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Tropicalismo, also known as Tropicália, is a Brazilian art movement that arose in the late 1960s and encompassed theatre, poetry and music, among other forms. Tropicalia was influenced by poesia concreta, a genre of Brazilian avant garde poetry embodied in the works of Augusto de Campos, Haroldo de Campos and Décio Pignatari, among a few others.

"Tropicalismo" or "Tropicália" is associated almost exclusively with the movement's musical expression, both in Brazil and internationally; a form of Brazilian music that arose in the late 1960s from a melange of bossa nova, rock and roll, Bahia folk music, African music and Portuguese fado.

In the beginning, Tropicalia was not only a musical movement, but also took form in the visual arts scene of 1960s Brazil, by the hands of the artists Hélio Oiticica, Lygia Clark, Rogério Duprat and Antonio Dias. The name "Tropicália" came from an Hélio Oiticica art installation of the same name. It is important to note that one of the cultural constructs of the Tropicalia movement was Antropofagia or the cultural and musical cannibalism of all societies, taking in without prejudice influences from all types of genres and concocting something unique. The concept of antropofagia as embraced by the Tropicália movement was created by poet Oswald de Andrade in his 1928 Manifesto Antropófago (Cannibal Manifesto).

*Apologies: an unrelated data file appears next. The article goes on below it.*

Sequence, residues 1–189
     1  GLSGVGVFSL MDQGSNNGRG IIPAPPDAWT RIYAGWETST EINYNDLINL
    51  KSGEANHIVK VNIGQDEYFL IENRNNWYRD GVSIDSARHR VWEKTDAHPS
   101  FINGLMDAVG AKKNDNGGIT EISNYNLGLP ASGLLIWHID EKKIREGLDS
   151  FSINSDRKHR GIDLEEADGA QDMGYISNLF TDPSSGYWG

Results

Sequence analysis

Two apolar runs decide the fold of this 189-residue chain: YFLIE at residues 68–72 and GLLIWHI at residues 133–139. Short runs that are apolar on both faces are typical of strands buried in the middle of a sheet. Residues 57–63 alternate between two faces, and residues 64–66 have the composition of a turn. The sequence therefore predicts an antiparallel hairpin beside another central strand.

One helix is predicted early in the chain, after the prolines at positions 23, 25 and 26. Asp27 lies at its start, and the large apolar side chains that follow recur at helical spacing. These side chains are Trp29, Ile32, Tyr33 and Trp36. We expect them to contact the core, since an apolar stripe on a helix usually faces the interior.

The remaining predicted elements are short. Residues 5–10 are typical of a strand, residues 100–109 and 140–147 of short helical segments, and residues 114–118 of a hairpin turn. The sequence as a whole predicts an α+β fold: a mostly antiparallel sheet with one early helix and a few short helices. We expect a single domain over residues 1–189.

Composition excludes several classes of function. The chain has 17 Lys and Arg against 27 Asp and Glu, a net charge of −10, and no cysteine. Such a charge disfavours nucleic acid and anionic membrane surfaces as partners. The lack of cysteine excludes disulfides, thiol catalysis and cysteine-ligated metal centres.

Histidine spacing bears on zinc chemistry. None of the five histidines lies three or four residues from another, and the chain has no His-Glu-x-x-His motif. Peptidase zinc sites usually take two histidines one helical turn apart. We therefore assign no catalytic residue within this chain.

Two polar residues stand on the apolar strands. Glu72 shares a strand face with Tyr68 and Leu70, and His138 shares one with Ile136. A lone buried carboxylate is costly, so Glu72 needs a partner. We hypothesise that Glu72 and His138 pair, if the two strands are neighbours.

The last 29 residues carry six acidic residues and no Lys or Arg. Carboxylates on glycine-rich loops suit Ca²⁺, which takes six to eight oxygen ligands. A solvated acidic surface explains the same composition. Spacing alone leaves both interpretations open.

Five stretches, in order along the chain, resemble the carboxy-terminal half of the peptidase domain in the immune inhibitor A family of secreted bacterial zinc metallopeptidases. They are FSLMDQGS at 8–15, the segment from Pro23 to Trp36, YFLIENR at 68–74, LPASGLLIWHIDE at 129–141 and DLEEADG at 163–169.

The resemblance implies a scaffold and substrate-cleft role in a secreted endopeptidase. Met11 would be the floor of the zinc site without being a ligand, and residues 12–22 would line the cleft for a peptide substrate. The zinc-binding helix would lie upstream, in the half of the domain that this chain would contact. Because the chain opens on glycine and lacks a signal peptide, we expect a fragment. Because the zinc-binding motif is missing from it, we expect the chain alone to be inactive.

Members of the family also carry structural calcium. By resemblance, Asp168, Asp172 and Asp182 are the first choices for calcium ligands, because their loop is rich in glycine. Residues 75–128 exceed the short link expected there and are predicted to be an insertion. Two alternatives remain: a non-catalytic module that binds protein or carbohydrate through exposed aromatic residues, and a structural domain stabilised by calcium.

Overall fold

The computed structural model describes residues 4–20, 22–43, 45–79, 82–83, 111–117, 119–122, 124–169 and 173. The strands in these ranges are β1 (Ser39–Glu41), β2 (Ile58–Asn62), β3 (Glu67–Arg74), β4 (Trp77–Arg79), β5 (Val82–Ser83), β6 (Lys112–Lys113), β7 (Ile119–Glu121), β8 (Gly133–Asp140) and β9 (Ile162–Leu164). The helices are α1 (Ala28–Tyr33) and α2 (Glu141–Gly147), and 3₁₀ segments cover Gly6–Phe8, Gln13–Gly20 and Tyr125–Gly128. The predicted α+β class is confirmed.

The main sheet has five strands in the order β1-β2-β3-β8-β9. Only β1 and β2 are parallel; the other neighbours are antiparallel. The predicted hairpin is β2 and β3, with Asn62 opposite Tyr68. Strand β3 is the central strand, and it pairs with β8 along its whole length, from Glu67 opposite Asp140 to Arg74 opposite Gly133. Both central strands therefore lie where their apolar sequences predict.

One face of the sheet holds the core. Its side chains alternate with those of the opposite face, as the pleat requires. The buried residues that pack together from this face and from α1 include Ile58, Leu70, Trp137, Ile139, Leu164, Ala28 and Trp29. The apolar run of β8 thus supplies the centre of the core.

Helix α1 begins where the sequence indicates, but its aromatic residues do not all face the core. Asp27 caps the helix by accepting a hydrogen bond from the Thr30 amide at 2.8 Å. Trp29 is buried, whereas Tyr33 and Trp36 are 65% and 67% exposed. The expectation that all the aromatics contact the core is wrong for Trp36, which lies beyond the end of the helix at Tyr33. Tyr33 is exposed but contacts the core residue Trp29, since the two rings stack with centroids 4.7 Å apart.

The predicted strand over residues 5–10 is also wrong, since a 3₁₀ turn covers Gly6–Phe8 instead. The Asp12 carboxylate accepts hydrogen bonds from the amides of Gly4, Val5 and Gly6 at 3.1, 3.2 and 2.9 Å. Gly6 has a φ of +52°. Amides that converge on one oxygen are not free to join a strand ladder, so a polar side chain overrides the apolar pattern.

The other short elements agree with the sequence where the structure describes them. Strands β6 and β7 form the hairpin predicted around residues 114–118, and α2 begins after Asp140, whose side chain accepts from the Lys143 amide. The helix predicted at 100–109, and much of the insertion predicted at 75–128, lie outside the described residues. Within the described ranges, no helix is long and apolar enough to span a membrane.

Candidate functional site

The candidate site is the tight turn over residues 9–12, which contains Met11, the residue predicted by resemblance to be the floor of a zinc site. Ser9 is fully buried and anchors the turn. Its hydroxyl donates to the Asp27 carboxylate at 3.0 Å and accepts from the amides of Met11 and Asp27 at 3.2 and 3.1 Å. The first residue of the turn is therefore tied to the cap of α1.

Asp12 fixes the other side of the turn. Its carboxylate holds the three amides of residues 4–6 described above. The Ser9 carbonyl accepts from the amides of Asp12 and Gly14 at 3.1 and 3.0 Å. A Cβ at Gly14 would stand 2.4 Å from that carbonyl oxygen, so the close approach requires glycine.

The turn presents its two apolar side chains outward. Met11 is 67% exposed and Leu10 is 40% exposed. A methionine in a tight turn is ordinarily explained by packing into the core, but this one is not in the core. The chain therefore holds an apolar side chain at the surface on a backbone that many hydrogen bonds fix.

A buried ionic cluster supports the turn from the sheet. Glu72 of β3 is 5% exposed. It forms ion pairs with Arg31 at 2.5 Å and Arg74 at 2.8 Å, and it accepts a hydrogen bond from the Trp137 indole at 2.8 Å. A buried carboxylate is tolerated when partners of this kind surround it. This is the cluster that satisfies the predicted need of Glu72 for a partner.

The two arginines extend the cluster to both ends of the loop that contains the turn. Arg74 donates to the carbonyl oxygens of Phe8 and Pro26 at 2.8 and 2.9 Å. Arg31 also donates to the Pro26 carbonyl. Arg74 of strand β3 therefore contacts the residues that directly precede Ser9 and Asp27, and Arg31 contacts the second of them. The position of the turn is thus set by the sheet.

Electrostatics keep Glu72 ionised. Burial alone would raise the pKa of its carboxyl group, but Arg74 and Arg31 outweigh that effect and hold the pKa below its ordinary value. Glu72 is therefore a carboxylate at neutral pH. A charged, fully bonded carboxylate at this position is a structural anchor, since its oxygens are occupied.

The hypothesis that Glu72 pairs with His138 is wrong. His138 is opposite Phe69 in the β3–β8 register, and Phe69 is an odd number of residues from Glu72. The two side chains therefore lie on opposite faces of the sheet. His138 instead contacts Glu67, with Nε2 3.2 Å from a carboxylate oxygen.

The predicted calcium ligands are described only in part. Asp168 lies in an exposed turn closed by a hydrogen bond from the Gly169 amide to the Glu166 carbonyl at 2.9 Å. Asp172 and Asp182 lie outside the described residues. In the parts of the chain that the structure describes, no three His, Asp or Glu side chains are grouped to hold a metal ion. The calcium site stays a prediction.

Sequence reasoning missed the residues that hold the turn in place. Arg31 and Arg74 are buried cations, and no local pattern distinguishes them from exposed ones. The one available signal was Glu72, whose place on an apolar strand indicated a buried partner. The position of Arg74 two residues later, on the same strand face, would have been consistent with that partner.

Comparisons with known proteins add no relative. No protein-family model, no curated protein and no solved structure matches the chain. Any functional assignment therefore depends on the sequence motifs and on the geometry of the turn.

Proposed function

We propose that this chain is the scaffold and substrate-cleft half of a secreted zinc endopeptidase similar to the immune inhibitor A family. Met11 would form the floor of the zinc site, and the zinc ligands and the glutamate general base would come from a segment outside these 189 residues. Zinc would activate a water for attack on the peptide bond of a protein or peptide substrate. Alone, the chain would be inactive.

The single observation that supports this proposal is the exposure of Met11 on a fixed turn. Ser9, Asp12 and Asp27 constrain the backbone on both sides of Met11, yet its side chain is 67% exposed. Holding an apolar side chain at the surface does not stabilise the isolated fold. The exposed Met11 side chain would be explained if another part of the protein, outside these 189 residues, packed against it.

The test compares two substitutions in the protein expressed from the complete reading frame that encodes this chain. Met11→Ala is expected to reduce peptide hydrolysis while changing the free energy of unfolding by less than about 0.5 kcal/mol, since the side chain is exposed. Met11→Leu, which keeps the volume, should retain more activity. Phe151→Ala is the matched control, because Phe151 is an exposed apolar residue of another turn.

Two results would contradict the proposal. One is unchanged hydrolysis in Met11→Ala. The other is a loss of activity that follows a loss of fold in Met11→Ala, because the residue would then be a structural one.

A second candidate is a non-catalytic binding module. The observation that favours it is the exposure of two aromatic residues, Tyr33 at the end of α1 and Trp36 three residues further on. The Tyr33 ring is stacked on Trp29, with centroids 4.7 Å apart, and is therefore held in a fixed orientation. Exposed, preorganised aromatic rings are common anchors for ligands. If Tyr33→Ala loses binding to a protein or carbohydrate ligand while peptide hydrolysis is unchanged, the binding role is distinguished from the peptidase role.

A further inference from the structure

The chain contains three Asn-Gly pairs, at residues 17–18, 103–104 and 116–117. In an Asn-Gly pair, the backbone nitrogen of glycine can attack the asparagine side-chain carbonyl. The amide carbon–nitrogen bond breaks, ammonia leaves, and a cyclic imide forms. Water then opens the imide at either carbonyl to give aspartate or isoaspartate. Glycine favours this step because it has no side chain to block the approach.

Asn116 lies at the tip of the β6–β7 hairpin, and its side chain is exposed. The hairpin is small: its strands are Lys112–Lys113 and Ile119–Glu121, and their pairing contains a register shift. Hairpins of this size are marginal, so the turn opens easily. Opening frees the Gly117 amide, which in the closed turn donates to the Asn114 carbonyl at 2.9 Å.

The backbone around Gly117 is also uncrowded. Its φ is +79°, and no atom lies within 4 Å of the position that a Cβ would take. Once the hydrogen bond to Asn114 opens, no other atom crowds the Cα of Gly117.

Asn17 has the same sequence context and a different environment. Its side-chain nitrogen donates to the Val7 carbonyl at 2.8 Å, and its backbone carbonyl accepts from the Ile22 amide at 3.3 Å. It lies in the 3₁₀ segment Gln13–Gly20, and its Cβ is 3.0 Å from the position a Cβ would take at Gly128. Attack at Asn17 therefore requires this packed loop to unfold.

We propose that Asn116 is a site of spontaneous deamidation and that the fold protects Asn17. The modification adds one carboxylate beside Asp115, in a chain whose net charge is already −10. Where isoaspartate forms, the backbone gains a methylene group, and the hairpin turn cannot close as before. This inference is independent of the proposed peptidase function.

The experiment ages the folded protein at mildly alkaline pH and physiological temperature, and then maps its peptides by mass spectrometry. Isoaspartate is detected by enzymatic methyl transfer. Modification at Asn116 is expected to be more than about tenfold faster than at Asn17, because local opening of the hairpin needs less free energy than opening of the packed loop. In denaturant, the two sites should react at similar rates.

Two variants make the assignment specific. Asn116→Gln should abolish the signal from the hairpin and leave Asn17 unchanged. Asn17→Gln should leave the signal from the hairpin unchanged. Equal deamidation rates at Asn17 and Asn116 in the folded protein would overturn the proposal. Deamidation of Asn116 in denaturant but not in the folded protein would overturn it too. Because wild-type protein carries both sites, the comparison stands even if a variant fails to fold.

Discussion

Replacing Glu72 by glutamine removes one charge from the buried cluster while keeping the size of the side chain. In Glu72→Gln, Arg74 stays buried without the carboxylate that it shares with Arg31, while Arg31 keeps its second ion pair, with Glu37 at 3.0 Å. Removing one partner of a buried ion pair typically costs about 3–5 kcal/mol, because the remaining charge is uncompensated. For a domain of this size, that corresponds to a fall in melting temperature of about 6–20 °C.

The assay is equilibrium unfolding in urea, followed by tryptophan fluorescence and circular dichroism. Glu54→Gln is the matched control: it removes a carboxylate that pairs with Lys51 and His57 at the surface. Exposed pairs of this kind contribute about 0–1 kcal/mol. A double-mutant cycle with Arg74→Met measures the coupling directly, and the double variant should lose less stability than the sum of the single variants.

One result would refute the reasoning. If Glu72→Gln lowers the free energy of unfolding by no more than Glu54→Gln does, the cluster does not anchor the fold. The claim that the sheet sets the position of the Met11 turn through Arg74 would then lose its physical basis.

The 1968 collaboration album Tropicália: ou Panis et Circenses is considered the musical manifesto of the movement. Caetano Veloso and Gilberto Gil are considered the leaders of the movement. Veloso, Gil and other artists commonly associated with the movement, notably Os Mutantes, have experimented with unusual time signatures and other means of unorthodox song structures. A lot of tropicalismo artists were driven by socially aware lyrics and political activism following the coup of 1964, much like its contemporary Brazilian film movement, Cinema Novo (Brazilian new wave). The movement only lasted consistently for a few years, and, in part, is responsible for what is now known as Música Popular Brasileira (Brazilian Popular Music), or MPB. Tropicália as a movement ended in 1969 when its leaders, Caetano Veloso and Gilberto Gil, were jailed for about a month and, shortly after their release, exiled by the military government. (They relocated to London until 1972.)

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